In the morning I head off on foot to a local Buddhist temple. The temple which is a short hike from the hotel is one of the oldest in the region and is very much in use amongst the locals. Having been accosted on arrival by two octogenarian nuns we eventually understood after much confusion that there was a 10 Yuan entrance fee and happily paid up. I’ve seen a lot of temples in my time and I have to say that this was one of my favorite ever experiences.
The forest surrounding the temple is full of colorful prayer flags slowly flapping in the wind and smoke billows from small burners used to heal the spirits of loved ones. We watch as local women dressed in traditional brightly colored outfits and bright pink headwear say their prayers. One particularly strapping woman informs us with a shake of her head and a gentle shove that we are walking the wrong way around the temple – one should always move clockwise you see.
There are also a number of animals, mostly rabbits and goats, hopping and walking around in the surrounding forest. Later when I asked Wang Mo about this she explains that traditionally as part of a funeral, some of the deceased’s heard are released as “free animals” as this is seen as good karma to help in the process of their re-incarnation. If small enough, these animals are brought to the temple but larger ones are decorated with red ribbons and allowed to roam freely in the mountains Sure enough you will often spot a horse or a content looking pig walking slowly across a field, a red ribbon tied jauntily around an ear.
We would learn a lot from Wang Mo who was the best guide I have had on any of my travels. During our two days with her she offered a wealth of information on Buddhism, Tibetan culture and the history of what is a fairly complicated part of the world.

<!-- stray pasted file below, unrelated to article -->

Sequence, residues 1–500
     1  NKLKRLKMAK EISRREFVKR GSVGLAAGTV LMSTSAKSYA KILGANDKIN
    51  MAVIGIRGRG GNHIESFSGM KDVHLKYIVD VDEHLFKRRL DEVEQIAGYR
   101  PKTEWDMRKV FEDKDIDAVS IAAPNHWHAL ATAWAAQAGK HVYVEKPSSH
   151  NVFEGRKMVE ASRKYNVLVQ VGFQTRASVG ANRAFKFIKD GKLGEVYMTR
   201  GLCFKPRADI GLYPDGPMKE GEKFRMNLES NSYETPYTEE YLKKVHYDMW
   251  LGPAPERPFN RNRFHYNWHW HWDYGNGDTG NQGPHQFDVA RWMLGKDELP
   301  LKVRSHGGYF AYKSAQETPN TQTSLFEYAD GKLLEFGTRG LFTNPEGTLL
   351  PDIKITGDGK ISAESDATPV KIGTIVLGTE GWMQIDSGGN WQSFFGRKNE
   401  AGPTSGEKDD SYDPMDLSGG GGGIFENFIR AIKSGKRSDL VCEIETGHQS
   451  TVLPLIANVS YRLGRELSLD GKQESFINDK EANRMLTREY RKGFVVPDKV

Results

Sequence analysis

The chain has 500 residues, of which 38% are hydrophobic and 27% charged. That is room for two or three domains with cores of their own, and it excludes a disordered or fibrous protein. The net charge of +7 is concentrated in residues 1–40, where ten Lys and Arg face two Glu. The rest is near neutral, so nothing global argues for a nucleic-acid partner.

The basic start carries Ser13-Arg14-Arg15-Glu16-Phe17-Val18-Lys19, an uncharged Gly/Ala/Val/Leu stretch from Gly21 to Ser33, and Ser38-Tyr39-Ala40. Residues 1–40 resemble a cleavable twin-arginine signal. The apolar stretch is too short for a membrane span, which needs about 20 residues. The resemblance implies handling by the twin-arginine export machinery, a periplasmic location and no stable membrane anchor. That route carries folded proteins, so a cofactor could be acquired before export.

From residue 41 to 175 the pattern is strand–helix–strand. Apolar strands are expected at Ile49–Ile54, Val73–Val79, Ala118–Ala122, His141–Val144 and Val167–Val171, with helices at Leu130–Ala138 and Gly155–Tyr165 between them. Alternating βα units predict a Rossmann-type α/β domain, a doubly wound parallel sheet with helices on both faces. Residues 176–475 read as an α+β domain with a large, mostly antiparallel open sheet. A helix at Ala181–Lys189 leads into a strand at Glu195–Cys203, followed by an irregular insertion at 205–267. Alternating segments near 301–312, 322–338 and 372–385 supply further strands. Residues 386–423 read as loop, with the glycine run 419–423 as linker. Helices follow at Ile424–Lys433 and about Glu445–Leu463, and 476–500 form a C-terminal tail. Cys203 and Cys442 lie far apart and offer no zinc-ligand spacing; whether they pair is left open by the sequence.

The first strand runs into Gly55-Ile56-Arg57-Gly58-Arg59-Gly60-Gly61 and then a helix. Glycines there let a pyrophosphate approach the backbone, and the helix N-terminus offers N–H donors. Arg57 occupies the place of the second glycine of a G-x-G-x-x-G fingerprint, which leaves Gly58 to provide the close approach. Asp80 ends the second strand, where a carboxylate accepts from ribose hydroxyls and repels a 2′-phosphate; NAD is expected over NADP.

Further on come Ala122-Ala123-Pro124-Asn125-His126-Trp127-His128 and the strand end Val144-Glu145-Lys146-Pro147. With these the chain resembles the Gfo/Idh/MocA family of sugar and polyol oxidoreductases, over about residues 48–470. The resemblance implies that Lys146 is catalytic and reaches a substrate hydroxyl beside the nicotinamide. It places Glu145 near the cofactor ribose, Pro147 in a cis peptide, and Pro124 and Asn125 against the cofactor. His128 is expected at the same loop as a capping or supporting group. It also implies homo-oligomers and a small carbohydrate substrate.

Her story is a fascinating one. Following the death of her father it became clear her mother could not support both her and her sisters. Being the eldest, at the age of 16 she and a friend ran away from their small village and not having the correct documents to leave China legally, crossed the Himalayas on foot walking for more than a month until she reached the border and entered Nepal. On route she met another group and fell in love with a man who helped them all along the journey. The Nepalese were able to put her and her friend into education in Bangalore but this man was unable to read and write and found himself cleaning dishes in a New Delhi restaurant. Each month he sent a small amount of money to her and her friend and it was this that enabled them to survive thousands of miles from home and get the education and chance they desperately wanted. It would be over a year before Wang Mo was able to get word back to her mother that she was alive and it would be more than twelve years until she could return to China now fluent in English and with her now husband in tow. At present he is about to open his own restaurant in town but still unable to read or write is asking Wang Mo to help him design his menus. As she casually tells us this story over dinner in a small backstreet restaurant and after complaining about the amount of homework her 10 year old son receives you can see how proud she is of their accomplishment.
The right guide can make such a difference to the experience you have in a destination and it is something we work hard on at Scott Dunn, making an effort to really find those individuals who are willing to engage with our guests.
For more information on our customized vacations to China, call one of our Asia Consultants on 020 8682 5060 or visit scottdunn.com